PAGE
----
Pleasant Lake, Elkins Beach, Wilmot NH
On my first day Jesse met us after work and we went for a swim on Pleasant beach without thinking too much of it. Except they could both see how much I loved the water. I explained that I would swim in just about every lake in New Hampshire if I could. Except that I would need a while - there are 944 of them, and quite a few of those are private. We simply decided to get into as much water as logistics and my body would allow us to for my last week of the trip. We called it The Lakes Project.
That night I suddenly realised what this meant. The darkest, lowest point of the trip had been in late February. The days when I was travelling with my family and staying near Lake Taupo in the middle of North Island in New Zealand (though I was still on holiday - nothing of this story is ever that bad). There were a couple of days when I so wanted to swim with everyone but didn’t have the strength to walk the 5 metres or so from the car to the beach. And I just sat there sobbing, wondering how I could get myself out of his hole, with no idea how or when this would ever end. I did work on managing my movement enough back then to get in the water a few times - but the point was it was that hard. And here I am now getting in and out of lakes without even thinking about it. A week of wild, watery abundance. Here it all is....
Sculptured Rocks, Groton, NH
A fairy glen of dancing light and emerald water. Explored up and down the river with my reef shoes on and swam upstream through a tall chasm of rocks to bathe under a waterfall.
Newfound Lake, Wellington State Beach, Bristol, NH
We arrived at this beach in the late afternoon. The wind was up but it was almost just us. Newfound Lake is said to be the cleanest lake in New Hampshire, over 4000 hectares wide and fed by 8 different springs. Both the wind and the water were cold. A bright, fresh water sea of a lake.
It was so cold in fact that I changed in Jesse’s winter swimmer's coat (Jesse will repeatedly crack open the ice for a swim all year round) and wore it still shivering, all the way home.
Little Lake Sunapee, Bucklin Beach, New London, NH
These were the rafts I dived off as a child (now no diving allowed). Great swim, wind also freezing.
Kezar Lake, North Sutton, NH
I really, really wanted to swim at this moment, despite the cold. But didn’t - because I had climbed a mini mountain the day before (!! see previous post) and needed to wait and see what the full effects would be.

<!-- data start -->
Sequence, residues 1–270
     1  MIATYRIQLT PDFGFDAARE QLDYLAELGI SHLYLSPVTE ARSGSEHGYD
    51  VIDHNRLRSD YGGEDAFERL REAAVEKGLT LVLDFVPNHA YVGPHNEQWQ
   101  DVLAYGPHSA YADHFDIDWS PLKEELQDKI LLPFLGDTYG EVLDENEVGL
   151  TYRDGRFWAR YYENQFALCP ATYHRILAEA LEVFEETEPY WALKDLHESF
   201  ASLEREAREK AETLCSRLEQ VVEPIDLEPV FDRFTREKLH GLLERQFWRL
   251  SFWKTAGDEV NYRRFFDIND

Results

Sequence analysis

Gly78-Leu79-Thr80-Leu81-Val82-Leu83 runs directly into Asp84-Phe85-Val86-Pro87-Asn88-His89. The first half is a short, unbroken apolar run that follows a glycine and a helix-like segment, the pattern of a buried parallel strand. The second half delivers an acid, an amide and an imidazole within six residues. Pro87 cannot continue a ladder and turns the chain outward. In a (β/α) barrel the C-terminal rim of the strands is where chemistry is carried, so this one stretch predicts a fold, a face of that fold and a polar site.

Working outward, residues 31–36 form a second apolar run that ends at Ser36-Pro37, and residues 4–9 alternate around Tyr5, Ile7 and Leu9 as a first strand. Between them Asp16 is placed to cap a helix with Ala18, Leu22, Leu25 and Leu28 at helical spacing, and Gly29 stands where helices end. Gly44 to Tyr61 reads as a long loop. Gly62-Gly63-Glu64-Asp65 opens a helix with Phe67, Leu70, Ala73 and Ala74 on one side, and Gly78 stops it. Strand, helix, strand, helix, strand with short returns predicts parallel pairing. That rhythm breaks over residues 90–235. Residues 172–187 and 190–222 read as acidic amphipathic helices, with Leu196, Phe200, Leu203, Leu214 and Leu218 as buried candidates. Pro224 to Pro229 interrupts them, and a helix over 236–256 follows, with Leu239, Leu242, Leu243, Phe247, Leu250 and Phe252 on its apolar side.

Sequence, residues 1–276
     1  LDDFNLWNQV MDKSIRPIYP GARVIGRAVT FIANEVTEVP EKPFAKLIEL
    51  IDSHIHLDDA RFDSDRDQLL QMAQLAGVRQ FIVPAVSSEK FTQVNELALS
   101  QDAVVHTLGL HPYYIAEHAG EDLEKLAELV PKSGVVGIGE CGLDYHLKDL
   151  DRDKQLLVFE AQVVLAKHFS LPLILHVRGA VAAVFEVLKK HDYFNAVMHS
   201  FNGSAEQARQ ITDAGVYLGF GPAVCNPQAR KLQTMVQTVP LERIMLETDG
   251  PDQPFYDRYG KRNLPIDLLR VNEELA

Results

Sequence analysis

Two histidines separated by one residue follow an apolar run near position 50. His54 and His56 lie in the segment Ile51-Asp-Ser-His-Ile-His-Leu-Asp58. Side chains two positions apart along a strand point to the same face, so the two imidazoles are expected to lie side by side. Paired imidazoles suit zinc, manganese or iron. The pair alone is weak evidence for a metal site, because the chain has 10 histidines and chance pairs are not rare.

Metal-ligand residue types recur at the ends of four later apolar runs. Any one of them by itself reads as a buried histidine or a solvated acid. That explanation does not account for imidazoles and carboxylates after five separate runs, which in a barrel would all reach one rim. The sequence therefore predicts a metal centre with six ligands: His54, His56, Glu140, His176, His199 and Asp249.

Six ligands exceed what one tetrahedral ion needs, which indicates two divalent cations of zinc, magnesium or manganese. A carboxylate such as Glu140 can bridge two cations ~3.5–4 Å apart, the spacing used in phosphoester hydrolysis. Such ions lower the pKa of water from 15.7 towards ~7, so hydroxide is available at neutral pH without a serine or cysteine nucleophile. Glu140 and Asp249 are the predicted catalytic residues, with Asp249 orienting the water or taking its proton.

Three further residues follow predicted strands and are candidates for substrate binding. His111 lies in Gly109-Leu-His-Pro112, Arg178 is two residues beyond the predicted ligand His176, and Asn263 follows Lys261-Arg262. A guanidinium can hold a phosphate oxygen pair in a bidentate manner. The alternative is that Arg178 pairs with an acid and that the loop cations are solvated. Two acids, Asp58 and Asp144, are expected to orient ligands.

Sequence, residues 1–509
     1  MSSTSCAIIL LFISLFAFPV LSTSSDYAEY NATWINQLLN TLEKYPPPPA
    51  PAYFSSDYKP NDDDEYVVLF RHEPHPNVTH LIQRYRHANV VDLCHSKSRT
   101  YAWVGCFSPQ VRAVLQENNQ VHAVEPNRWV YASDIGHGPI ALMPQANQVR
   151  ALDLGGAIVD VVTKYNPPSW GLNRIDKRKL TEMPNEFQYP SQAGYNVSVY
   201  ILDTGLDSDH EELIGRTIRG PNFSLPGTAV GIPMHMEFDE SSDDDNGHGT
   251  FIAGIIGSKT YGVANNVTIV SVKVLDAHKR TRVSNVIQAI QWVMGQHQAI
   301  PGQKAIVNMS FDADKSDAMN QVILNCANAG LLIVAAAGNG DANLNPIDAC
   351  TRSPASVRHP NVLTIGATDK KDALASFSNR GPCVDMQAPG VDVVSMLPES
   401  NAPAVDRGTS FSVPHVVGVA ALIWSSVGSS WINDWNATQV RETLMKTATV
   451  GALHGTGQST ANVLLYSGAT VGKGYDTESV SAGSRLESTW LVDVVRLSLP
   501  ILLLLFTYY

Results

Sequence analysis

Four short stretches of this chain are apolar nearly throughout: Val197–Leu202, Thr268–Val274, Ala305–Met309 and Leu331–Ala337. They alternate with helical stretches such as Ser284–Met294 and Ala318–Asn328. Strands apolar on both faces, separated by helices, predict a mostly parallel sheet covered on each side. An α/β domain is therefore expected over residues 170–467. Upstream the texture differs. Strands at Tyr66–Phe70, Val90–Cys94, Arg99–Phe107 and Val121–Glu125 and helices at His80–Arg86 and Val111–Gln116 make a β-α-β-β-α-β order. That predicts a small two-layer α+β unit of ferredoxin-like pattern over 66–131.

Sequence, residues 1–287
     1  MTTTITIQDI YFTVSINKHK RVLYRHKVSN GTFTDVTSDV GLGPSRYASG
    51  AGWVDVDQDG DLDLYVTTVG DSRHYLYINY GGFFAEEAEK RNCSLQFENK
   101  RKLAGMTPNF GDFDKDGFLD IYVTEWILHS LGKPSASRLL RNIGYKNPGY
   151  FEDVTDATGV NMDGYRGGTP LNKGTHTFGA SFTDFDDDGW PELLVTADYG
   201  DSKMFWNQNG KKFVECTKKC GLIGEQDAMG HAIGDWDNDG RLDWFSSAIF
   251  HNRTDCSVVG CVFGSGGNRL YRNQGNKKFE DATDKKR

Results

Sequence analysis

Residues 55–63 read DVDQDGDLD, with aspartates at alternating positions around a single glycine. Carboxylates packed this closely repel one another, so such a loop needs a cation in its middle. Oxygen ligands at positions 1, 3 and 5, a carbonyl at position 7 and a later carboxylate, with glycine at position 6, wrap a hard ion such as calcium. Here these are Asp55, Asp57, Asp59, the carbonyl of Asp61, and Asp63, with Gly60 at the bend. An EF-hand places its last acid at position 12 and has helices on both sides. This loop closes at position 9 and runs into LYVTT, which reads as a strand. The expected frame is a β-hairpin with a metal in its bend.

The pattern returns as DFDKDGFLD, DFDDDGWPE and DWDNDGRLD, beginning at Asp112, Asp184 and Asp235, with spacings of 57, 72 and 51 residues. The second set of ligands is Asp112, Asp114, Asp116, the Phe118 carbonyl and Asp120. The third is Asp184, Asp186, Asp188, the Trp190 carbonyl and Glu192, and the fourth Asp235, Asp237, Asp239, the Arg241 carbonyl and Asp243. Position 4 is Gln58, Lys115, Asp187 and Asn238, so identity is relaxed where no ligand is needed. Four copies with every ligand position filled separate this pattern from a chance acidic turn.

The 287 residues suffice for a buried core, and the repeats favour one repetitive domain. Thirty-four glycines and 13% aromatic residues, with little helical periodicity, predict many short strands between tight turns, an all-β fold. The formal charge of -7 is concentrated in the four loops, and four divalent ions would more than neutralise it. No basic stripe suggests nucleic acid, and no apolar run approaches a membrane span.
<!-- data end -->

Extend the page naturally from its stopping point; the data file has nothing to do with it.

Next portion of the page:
Webster Lake, Franklin, NH
Didn't feel great or that much like swimming this day so just a quick dip. I always find the water still brings everything to life however you feel when you get in.
Bradley Lake, Andover, NH
We spent a few hours sat on paddle boards with a friend before swimming off Blueberry Island on my second day here. No photographic evidence as Lindsey’s phone was offered up to the Lake Gods as her canoe tipped over while she tried to take a picture.
This was my last evening with Jesse. Back on Bradley Lake, we quietly slid the canoe onto the still evening water from another lake house Jim is working on. We passed an hour sitting in silence on the water, watching the occasional Loon swim by. A gently bobbing meditation as the light changed. As we pulled back to shore, I knew it would be crazy to swim because of the cold that had started to deep to my bones again. And that is the discipline of CFS - not so much what you will yourself to do as much as the number of times you make the choice not to.
Highland Lake, East Andover NH
Last swim before my flight from Boston. Water warm enough to swim for a decent length of time. This is the beach where all the local swimming lessons happen in the summer.
I've reached the conclusion that swimming or even simply submerging myself in wild water, be it lakes, rivers or the sea has played a key part in my recovery. I could go into the technicalities; perhaps it helps to calm the nervous system again. Above all, it connects me far more deeply with nature, puts everything into perspective and makes me feel totally alive. Wherever I end up back in the UK I hope its something I can make a normal part of any week.
An ME/CFS Thriver